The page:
Lost and Found Sisters Read online

  His eyes were deep, fathomless really, and full of easy affection, but also a good amount of trouble.

  Run or stay? she asked herself, desperately unsure.

  Stay, said her brain . . .

  Run, said her feet.

  Stay, said Beth.

  Run, said Quinn’s own good sense.

  Mick lifted his beer and touched it to her glass. “To a better week this time around then, yeah?”

  She looked into his mesmerizing eyes and nodded. “Yeah,” she whispered, and just like that, her brain and Beth won the round.

  Chapter 9

  I wish everything was as easy as getting fat.

  —from “The Mixed-Up Files of Tilly Adams’s Journal”

  Quinn looked down at her drink—which would be her third—and gently pushed it aside. It had been a long time since she’d indulged in more than a glass of wine. Long enough to forget how alcohol tended to make her tongue run away with her good sense. “I should go. I’m hoping to sleep through the ghost of Christmas Past tonight.”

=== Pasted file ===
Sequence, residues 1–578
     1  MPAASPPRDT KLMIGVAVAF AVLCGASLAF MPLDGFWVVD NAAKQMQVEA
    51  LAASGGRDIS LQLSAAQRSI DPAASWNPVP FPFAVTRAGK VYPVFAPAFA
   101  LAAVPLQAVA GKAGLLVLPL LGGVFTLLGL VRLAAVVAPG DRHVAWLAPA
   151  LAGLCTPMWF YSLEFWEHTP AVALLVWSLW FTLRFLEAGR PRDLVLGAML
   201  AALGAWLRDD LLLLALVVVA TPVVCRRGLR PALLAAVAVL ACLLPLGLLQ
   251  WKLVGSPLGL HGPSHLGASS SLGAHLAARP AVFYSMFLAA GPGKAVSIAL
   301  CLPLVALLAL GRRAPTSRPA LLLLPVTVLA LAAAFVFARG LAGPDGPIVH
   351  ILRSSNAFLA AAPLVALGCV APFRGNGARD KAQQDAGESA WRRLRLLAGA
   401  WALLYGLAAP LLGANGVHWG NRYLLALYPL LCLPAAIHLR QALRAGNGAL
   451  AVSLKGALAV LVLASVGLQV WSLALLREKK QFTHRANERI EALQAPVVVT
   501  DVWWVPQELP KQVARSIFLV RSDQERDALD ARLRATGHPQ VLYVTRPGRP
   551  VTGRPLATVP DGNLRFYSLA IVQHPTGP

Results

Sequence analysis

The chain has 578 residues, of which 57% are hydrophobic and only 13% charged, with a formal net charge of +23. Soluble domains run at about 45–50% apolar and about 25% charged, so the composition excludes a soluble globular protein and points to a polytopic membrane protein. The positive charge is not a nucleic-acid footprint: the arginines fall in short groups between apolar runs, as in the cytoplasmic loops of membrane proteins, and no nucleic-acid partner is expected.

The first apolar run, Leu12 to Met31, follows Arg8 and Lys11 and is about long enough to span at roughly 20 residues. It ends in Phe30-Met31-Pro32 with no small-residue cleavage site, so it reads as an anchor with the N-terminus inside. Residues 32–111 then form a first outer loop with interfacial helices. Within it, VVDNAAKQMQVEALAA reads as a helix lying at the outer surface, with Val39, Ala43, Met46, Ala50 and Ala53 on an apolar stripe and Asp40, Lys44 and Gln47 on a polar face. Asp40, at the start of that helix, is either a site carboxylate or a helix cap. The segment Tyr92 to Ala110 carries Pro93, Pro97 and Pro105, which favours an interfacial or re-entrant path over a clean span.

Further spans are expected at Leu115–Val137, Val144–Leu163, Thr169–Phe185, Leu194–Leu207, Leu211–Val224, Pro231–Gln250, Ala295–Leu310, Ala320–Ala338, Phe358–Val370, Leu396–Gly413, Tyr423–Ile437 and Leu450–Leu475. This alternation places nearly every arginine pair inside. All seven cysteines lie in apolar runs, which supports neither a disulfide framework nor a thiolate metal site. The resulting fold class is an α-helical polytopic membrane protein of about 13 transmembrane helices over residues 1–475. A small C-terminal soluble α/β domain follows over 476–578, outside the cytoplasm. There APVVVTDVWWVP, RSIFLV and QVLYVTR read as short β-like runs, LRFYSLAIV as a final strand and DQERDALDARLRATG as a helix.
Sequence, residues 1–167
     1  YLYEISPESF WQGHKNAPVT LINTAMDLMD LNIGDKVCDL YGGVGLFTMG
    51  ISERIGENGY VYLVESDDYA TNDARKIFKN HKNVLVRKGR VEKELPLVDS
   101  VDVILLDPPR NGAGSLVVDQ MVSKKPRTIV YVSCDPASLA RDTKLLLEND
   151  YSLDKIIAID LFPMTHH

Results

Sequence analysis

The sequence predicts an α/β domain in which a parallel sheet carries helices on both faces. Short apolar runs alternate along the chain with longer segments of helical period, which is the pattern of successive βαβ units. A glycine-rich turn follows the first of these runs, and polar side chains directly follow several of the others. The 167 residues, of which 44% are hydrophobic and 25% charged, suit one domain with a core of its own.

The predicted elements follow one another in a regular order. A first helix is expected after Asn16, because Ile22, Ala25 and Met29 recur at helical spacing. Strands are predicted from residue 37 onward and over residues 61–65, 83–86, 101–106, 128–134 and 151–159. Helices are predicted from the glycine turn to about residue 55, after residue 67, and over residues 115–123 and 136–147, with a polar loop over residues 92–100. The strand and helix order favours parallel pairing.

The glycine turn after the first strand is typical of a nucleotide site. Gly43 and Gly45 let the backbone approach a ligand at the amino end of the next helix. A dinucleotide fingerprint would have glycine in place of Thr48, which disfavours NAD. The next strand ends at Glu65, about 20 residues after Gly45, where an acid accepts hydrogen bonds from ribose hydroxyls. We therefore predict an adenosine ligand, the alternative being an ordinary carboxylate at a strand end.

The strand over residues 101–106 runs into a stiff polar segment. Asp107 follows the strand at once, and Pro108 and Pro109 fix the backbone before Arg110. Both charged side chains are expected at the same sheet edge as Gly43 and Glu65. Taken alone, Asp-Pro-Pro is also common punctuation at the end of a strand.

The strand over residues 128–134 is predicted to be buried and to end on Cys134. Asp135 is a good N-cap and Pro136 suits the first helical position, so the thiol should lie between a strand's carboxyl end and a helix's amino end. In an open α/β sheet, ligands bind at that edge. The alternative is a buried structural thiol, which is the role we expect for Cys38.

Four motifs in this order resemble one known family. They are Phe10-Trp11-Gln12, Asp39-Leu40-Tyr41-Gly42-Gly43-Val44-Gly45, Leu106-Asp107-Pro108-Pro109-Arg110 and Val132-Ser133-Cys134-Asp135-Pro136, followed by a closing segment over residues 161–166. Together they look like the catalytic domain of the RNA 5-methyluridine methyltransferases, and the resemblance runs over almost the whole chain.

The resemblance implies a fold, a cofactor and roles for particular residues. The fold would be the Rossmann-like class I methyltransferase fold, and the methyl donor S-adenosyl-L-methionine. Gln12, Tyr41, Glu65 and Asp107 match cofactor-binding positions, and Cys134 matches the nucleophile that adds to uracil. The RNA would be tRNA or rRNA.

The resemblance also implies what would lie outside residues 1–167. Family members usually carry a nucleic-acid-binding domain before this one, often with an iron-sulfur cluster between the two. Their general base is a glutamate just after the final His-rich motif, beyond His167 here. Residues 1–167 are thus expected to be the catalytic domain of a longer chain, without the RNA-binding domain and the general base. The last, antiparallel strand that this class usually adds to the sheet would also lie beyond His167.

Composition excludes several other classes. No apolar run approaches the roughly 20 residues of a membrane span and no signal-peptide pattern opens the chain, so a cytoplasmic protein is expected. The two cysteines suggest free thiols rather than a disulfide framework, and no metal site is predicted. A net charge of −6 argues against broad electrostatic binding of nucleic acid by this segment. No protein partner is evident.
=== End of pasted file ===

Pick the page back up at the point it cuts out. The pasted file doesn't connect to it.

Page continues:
Mick looked amused. “You read the brochure, didn’t you. It’s just hype.”

  “Well, I was pretty sure,” she said. “Until my sister showed up.”

  “Your sister came to Wildstone too?” he asked. “Where is she now?”

  “Well, she’s dead, so I’m thinking she’s back in the haunted wardrobe.”

  Mick looked at her for a beat and then slid a big, warm hand over hers. “I’m sorry, Quinn.”